Last Saturday, I and a few dozen other students from universities across the city gathered in the University College London main quad in preparation for a tour round the local area. These kind of events are common at the beginning of the academic year, providing new students with an opportunity to get their bearings.
On this walk, however, we weren’t going to see local tourist spots or the best pubs; we were going to visit important locations from the lives of Marx and Engels and the fledgling communist movement they helped to found and ideologically arm.
In the mid-19th Century, London was the heart of the largest imperialist and capitalist state in the world. But it was also the home to a large working class, not just from Britain, but from across Europe and the world. This was made clear as we visited what was once the headquarters of the "League of the Just" (later renamed the Communist League, at Marx's insistence), a group of immigrant German workers interested in radical politics.
London was also a city where the lives of revolutionaries from across the world intersected. Before Marx and Engels there was Jean-Paul Marat, a key thinker from the French revolution, and Francisco de Miranda, who participated in revolutions in France, North America and South America. Later there was Wilhelm Liebknecht and the other members of the First International, who took the ideas of Marx and used them to found mass revolutionary organisations across the world.
Marx’s time in Soho was also one of great hardship. Nowadays many of the buildings in the areas we visited were on streets filled with expensive boutiques and clubs. When Marx lived there they were the homes of the poor, refugees, and others that capitalism had no desire or ability to provide for.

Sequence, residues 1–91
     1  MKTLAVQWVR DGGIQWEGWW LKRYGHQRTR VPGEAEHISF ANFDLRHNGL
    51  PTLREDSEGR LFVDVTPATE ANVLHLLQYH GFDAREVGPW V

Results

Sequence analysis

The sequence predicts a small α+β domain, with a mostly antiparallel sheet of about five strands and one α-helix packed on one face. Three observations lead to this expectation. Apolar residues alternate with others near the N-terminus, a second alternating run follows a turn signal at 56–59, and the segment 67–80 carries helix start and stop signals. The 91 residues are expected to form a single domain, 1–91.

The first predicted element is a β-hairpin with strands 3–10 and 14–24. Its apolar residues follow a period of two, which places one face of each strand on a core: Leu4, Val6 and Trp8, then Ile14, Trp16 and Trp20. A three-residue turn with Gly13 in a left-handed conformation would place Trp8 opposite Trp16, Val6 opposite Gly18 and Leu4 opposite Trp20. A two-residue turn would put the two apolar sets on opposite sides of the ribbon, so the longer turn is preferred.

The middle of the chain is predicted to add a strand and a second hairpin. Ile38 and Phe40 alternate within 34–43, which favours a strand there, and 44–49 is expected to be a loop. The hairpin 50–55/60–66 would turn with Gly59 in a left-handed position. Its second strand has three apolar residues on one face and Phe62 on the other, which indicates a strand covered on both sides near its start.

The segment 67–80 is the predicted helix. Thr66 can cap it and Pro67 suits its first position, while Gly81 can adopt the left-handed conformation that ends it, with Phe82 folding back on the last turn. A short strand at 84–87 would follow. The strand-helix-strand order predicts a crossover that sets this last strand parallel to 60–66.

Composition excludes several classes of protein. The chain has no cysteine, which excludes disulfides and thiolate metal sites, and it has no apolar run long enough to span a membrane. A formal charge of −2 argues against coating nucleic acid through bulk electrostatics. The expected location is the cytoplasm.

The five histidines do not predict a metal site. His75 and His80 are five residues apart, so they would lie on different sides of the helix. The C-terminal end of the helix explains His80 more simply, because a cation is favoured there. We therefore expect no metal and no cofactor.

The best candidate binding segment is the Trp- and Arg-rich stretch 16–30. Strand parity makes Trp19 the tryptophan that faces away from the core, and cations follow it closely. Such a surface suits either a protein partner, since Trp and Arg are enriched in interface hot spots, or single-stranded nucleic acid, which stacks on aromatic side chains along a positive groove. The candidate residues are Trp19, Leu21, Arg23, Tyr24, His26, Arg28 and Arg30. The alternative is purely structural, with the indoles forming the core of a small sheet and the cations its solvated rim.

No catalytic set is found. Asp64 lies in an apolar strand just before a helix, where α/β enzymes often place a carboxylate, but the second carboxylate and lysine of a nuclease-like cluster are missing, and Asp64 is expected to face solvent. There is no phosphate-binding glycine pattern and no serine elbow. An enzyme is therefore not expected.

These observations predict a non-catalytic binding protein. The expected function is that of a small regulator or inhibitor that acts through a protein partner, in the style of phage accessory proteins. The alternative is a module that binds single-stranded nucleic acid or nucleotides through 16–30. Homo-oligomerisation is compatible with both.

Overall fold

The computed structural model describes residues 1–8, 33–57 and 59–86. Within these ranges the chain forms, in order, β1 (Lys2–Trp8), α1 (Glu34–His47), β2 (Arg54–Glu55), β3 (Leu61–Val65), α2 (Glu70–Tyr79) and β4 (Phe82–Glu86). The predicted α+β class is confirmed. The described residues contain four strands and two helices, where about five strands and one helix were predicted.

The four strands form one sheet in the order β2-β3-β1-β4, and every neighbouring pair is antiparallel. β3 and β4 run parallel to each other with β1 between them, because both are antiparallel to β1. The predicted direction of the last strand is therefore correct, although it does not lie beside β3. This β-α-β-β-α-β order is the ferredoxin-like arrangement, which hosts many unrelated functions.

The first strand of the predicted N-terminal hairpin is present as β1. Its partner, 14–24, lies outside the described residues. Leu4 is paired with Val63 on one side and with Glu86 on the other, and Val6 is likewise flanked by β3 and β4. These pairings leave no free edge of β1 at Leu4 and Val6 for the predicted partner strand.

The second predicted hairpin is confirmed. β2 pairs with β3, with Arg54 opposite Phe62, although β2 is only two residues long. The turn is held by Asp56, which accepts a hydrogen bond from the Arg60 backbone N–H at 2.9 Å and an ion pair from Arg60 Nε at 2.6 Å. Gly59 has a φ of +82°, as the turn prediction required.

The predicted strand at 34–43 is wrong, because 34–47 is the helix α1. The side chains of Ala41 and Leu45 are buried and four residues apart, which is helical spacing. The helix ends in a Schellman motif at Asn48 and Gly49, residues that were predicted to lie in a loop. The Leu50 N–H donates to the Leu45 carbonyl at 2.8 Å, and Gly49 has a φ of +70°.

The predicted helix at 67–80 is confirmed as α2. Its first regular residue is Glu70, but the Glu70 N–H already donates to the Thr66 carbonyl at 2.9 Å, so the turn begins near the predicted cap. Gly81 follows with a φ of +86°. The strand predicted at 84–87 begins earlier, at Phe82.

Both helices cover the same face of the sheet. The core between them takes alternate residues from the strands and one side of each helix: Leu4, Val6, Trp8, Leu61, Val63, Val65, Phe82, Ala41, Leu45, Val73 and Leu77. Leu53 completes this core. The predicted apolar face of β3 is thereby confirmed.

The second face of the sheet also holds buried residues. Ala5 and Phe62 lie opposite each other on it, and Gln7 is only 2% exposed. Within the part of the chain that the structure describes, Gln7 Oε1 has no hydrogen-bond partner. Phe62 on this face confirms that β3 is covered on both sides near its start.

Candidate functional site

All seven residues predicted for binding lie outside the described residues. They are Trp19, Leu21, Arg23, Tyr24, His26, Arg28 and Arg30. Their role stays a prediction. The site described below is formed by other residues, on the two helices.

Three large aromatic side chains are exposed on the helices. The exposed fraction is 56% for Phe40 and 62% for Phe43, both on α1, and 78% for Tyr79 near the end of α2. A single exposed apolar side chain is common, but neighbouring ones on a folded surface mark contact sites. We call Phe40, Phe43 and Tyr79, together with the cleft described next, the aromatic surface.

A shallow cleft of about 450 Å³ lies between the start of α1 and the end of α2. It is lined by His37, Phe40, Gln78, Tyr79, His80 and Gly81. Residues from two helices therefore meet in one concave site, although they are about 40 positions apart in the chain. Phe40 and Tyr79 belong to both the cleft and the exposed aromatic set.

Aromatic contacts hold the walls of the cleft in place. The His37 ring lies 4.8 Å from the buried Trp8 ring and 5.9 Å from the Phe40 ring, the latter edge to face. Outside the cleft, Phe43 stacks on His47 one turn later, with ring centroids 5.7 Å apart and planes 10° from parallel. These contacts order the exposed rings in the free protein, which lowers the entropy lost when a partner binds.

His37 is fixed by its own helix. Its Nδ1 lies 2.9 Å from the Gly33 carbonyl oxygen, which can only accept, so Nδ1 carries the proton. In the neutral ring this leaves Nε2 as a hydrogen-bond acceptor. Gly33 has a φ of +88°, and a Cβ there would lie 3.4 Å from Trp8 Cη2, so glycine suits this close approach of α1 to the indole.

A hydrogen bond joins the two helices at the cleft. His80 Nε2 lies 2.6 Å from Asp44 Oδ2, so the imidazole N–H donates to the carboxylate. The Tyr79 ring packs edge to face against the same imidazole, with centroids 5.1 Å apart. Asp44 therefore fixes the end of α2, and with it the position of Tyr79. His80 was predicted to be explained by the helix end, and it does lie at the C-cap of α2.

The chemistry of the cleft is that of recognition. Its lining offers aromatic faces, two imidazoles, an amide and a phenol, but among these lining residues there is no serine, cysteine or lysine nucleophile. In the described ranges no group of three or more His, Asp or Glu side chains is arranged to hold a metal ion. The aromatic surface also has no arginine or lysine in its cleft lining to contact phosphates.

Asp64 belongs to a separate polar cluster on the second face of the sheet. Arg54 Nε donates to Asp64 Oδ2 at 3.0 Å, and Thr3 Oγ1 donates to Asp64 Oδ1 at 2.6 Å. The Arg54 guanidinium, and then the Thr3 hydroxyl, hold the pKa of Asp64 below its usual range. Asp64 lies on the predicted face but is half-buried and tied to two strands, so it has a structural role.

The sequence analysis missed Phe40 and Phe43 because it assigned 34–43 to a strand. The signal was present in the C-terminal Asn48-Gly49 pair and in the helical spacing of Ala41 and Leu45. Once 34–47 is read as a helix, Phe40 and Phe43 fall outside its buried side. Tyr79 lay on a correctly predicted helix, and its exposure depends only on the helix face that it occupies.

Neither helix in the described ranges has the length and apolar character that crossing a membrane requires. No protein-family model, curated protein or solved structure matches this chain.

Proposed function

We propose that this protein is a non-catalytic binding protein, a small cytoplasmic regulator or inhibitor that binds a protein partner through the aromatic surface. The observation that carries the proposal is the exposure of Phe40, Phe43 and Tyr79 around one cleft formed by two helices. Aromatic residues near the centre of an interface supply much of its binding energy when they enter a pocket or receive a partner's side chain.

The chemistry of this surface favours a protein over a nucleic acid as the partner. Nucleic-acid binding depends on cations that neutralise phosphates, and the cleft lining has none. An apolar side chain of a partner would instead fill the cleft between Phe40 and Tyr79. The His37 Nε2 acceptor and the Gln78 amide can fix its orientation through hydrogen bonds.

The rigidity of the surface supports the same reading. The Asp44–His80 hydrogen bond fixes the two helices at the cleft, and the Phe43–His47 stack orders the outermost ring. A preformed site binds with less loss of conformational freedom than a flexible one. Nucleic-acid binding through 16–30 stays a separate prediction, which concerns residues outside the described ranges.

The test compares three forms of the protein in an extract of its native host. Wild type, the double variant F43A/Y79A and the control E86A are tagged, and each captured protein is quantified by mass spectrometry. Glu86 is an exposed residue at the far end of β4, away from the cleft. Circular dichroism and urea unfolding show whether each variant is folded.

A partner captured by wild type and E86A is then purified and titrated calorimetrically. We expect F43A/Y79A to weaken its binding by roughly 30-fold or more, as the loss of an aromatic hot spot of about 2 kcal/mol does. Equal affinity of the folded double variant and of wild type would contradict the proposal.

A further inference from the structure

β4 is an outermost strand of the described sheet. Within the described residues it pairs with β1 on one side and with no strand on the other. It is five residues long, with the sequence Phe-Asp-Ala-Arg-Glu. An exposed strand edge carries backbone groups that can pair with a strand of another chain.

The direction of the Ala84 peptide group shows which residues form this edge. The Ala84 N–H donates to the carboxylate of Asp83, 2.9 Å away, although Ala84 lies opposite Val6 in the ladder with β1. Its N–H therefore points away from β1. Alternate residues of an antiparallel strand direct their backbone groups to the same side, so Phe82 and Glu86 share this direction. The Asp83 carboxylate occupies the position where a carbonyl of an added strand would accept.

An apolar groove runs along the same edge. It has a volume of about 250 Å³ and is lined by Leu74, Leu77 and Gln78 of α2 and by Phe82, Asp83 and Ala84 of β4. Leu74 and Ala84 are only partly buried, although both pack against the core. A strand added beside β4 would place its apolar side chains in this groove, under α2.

The Marx family found themselves having to move from one set of squalid rooms to another. Marx had to pawn his clothes to scrape together enough money in desperate time. During his time in Soho, three of his children would die. The man we heard about on this tour was a long way from the comfortable intellectual and armchair revolutionary that bourgeois historians imagine.
One thing you’d have noticed if you came on the tour was that there were very few memorials. Only one of the buildings that the Marx family stayed in has a Blue Plaque, and none of buildings that the communist and socialist organisations would meet in are commemorated.
This tour wasn’t the London of statues of generals and admirals or monuments to imperialism that most guides show. The men and women who founded the First International experienced the London that the vast majority people who lived in this city knew also. And while they may not have grand monuments made of stone and metal dedicated to them today, we can build them a monument by continuing the work that they started.